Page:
pure xtc is the brooding electropop brainchild of queer singer-songwriter and multi-instrumentalist Taylor Hughes. Originally based in New York City, Hughes relocated to Kansas City, MO in the throes of the pandemic, after the dissolution of her former project, the Brooklyn-based indie dance pop outfit Exnations.
Since the release of her debut EP, Nobody’s Home, in November 2021, her career has steadily gained momentum, amassing thousands of streams in less than a year and performing alongside the likes of Dashboard Confessional, Dayglow, and Jenny Lewis. Last month she concluded a tour with a performance at The Dinah in Palm Springs, one of the world’s largest annual festivals for lesbian and queer women.
pure xtc’s latest singles “get lost,” and “shadow,” showcase her uncanny ability to write irresistibly catchy synthetic earworms that exist in a liminal space between ’80s synth-pop, the modern sugary sonic walls of Fletcher and the lethal claws of Jesse Jo Stark. The former single is a cinematic ode to rapturous infatuation and the latter deals with torturous overthinking and inner confrontation.
A Grrrl’s Two Sound Cents caught up with pure xtc to discuss the battle for authenticity, artistic integrity, and why she decided to leave New York behind and migrate to the Midwest.
Welcome to A Grrrl’s Two Sound Cents. Can you tell me a little bit about yourself?
I’m Taylor Hughes, aka pure xtc. I’ve been a drummer for the last 17 years and recently refocused on guitar and vocals to front my new project. I love 80’s goth, craft beer, low budget movies, and going to museums. This honestly would have been a fire tinder bio [laughs].
How and why did you start creating music?
I’ve been doing it so long that it just feels like it’s always been a part of me. I started playing piano when I was in 3rd grade. My dad got me a Fender strat when I was in kindergarten (let’s be real, he got it so he could play it, lol). Music has just always been there. When I was fifteen I started playing drums and that’s when things really started going.
Your sound is very eclectic. Do you have specific influences you can pinpoint or do your inspirations evolve?
Inspirations definitely evolve but I’ve had a few focal artists in mind while I was conjuring pure xtc. I can pinpoint a few, Metric, MUNA, Phantogram and Red Hearse are bands I can play on loop forever. I definitely feel their influence in my writing.
I’m loving your latest single “get lost.” Can you tell me a little bit about how the song came about?
Thank you so much! I think “get lost” combines my love for sugary pop, synths and guitar-driven music.
I imagine that migrating to Kansas City, MO from New York was a big change of scenery. Do you see a lot of live music there, and how has performing live changed since the pandemic?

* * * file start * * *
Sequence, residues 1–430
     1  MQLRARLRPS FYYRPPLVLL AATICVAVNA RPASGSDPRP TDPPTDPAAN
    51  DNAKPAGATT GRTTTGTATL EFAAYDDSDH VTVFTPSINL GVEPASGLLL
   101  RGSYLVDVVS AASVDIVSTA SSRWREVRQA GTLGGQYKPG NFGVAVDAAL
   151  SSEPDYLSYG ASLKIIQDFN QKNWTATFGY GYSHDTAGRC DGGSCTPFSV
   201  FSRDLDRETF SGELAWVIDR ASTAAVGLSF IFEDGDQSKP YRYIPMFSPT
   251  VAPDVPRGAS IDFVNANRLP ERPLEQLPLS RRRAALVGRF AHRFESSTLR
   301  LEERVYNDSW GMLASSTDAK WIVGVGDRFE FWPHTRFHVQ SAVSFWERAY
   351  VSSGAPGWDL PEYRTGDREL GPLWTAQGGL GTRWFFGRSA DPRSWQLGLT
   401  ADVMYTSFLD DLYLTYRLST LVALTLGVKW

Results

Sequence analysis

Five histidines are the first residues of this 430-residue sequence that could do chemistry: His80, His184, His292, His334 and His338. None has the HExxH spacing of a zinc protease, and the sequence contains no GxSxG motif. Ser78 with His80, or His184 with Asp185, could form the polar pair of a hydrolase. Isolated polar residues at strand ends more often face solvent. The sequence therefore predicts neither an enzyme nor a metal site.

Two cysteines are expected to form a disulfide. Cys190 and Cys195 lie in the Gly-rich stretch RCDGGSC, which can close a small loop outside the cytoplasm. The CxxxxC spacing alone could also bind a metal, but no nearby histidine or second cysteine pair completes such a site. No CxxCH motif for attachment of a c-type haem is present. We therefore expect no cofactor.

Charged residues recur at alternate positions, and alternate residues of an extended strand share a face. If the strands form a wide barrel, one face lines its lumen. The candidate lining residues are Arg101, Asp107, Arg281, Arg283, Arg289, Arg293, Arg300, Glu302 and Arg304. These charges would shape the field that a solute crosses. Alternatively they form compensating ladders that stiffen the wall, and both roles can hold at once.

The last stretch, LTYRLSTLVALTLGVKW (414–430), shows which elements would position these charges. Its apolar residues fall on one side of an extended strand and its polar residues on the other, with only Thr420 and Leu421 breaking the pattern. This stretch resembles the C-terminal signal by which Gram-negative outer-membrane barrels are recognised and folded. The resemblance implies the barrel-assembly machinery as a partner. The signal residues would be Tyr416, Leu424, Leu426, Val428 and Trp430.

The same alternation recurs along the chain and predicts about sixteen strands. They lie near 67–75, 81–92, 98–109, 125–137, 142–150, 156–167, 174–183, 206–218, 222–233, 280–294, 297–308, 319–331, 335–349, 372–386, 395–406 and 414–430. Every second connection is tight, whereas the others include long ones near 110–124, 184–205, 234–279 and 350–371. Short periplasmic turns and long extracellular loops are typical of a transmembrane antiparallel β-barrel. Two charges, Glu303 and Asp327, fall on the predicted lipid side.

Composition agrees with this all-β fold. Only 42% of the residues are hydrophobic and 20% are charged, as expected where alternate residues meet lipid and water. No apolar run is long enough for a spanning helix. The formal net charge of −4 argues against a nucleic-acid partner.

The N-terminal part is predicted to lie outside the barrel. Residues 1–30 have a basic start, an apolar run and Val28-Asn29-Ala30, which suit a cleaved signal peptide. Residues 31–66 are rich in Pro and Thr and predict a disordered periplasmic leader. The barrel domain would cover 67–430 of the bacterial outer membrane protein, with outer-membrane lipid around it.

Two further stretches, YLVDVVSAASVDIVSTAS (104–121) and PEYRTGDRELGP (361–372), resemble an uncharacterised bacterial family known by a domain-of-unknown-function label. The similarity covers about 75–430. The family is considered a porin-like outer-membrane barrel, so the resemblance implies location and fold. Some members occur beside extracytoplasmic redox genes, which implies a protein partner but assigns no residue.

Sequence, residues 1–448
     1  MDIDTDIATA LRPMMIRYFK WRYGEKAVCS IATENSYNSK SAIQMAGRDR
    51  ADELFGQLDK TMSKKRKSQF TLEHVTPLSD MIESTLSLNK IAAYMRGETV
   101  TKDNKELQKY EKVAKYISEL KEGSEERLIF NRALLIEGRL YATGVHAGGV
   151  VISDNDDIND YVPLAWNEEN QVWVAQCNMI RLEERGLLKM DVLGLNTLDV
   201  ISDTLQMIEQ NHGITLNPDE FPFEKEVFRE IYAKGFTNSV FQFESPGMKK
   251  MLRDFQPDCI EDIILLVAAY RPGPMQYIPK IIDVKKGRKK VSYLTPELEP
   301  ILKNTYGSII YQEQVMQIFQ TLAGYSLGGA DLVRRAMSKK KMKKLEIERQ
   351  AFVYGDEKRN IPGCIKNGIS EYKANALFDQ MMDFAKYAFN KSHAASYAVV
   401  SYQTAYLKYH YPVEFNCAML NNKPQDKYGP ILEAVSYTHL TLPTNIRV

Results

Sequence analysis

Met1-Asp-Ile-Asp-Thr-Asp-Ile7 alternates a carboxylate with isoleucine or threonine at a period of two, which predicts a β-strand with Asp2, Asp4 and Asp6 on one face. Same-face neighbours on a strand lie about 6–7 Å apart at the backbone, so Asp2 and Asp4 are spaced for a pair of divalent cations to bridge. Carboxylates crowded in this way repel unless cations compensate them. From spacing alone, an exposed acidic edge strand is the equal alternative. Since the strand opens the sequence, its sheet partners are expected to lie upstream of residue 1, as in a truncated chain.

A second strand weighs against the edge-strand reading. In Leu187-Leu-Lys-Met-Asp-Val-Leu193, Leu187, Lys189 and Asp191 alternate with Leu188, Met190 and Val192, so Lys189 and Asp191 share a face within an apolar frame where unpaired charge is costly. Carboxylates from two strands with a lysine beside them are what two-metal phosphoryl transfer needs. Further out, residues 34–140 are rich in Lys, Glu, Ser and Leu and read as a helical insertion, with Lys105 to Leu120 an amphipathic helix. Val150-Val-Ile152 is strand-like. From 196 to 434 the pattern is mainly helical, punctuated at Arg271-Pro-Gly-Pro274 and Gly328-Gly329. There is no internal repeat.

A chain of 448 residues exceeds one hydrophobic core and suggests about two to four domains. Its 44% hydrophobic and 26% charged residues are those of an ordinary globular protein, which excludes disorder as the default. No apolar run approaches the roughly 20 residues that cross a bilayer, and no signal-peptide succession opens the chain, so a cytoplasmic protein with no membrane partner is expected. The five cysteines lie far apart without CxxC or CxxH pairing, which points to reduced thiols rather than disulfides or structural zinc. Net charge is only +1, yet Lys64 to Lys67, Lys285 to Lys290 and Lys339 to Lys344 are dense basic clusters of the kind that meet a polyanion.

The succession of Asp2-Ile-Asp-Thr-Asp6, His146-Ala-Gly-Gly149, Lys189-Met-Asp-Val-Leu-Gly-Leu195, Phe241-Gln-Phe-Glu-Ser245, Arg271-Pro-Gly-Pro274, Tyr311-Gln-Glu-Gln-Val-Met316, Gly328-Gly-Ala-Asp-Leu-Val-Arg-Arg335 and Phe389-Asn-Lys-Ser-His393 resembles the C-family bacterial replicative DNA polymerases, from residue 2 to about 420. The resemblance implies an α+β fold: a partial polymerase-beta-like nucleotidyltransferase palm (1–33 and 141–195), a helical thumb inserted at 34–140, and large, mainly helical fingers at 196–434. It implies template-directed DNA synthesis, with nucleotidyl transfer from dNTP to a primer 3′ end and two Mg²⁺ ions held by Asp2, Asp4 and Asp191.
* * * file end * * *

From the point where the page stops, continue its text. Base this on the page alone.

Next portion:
For sure. I find that there’s way more community in the music scene and people love to support one another here. I go to more shows here than I ever did back in NYC. I moved here when shows just started coming back and the scene was hungry for it!
What can you tell me about your upcoming EP Shed My Skin?
I’m releasing it track by track. There’s only 2 songs left! You’ll notice a stark difference in the tones and pace. It’s definitely more upbeat and brighter than my first EP. It’s kind of neat seeing the growth between the two, writing/ timing wise they’re only a few months apart from each other.
What can fans expect from your live shows?
Lots of banter and song meanings. I love explaining what went into them / how they came about and all the behind-the-scenes stuff. It just feels like I’m hanging out with a room full of friends.
As an openly queer artist, would you say your identity shapes your creative process as an artist?
I find it to be a great source of inspiration. It allows me to create the songs I wish that I had growing up. There weren’t many songs that I could identify with – women singing about women. I wanna write songs that everyone can relate to, but I think the queer community deserves [more of a] spotlight.
Since your debut you’ve gained a lot of traffic pretty quickly. What’s it like to process it all?
It feels wild, because this is all I’ve ever wanted. Before pure xtc I thought I needed other people to make it happen. Going solo is the scariest and best thing I’ve ever done, I almost feel like I’m trying to make up for lost time? I just got home from some west coast dates and I’m finally starting to process how much has actually happened.
What is the most important message you want to convey to your audience?
I’m just being myself, loving who I love, and sometimes I write songs about it. I think everyone should be able to express their true self without the fear of losing loved ones or “offending” certain people. It needs to be normalized and I hope that I can lend a hand in making that happen!
What does the rest of the year have in store for pure xtc?
The rest of the year I’ll be focusing on writing and planning 2023!
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